“I will not marry the pig snout." - The sad Tale of Sophia Dorothea, Duchess of Brunswick and Luneburg

15 September 1666, Sophia Dorothea, Duchess of Brunswick and Luneburg, “uncrowned queen“ of England, mother of George II and grandmother of Frederick the Great, was born in Celle.

“I will not marry the pig snout.” (King George I)

A painting by an unknown artist, probably Jacques Vaillant from around 1690, 
showing Sophia Dorothea as Duchess of Brunswick and Luneburg with her two children.

Friedrich Schiller saw the life of the Princess of Ahlden, as usually, as the conflict between bourgeois virtues and the snake pit of courtly intrigue and self-seeking and was about to transform the curious fate of Sophia Dorothea into another beacon of grace under pressure, a misunderstood noble heart and the general failure of decency. The play remained fragmentary. The fate of the woman, who almost had become Queen of England and went to rack and ruin in the game of ducal, electorial and royal thrones during the turmoil of the final establishment of Protestantism as state religion in Northwestern Europe during the late 17th century, was, at least, eventful – up to a point. Married by her father George William, Duke of Brunswick-Lüneburg, to the son of his brother Ernest August, then Prince of Calenberg-Göttingen, as a gesture of honouring a family agreement that his line of succession as head of House Hanover would not be threatened by the Brunswick-Lüneburg-line and potential husbands from other principalities or even Sweden, Sophia Dorothea went to Hanover in a union that nobody wanted except the princely fathers.

King George I with his family (sans pig snout and goose) by James Thornhill (c 1720)

Against all expectations, the first years of the marriage between Sophia Dorothea and George of Hanover proceeded quite harmoniously for an arranged marriage, she bore two children, her husband was away in the wars, but they got along. George always preferred his mistress, though, one Melusine von der Schulenburg, and that relationship finally exploded into a scene of domestic violence and the Duke of Hanover had to be bodily dragged away by his courtiers lest he beat her to death. That did it for Sophia Dorothea. She tried to elope with a dashing cavalry colonel, Philipp Christoph von Königsmarck in 1694, the couple was betrayed by a confidante, one Countess von Platen, Königsmarck vanished into thin air, probably murdered, and Sophia Augusta was divorced, for neglecting her husband, according to the case record, and went to a lifelong confinement at Ahlden House near Celle in the middle of the Lüneburg Heath.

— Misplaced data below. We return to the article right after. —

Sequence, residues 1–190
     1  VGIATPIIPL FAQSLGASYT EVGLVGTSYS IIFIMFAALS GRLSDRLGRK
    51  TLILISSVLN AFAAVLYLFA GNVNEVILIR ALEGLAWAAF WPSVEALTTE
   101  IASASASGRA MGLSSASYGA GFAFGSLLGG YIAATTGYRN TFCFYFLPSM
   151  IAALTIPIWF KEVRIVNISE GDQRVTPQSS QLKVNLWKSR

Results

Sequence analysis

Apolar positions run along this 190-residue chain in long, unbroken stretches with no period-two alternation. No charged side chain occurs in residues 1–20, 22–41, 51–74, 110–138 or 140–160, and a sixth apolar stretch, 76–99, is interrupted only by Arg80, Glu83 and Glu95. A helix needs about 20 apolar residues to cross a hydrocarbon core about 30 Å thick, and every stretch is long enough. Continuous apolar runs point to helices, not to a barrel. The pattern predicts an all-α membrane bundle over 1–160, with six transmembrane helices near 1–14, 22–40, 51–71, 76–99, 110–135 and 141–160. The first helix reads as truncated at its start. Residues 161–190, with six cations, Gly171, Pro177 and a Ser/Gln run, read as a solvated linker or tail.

The “Countess of Ahlden” received a princely compensation but was not allowed to leave the premises of Ahlden House, not even to visit her father on his deathbed for a final reconciliation, nor to see her children again. She lived under these conditions for the last 30 years of her life, became obese and finally starved herself to death, suffering from gallstones, at the age of 60. Her ex-husband, after the Act of Settlement of 1701 the successor of Queen Anne and now King George I of Great Britain and Ireland, forbade every kind of mourning and since no specific order came from England about what to do with her corpse, her coffin was covered with sand in the cellar of Ahlden House and lay there for almost a year until somebody took pity and arranged a burial at her family’s crypt in Celle. Melusine von der Schulenburg accompanied George to England, became the royal mistress, the Duchess of Kendal, and, even if Prime Minister Walpole said she was the Queen of England as much as anyone was, became the target of every imaginable mockery from the Jacobites. After George’s death, she died on her estates, alone with her raven, still believing the king was returning to her.

Ehrengard Melusine von der Schulenburg, 
Duchess of Kendal and mistress of King George I of Great Britain – in short: The Goose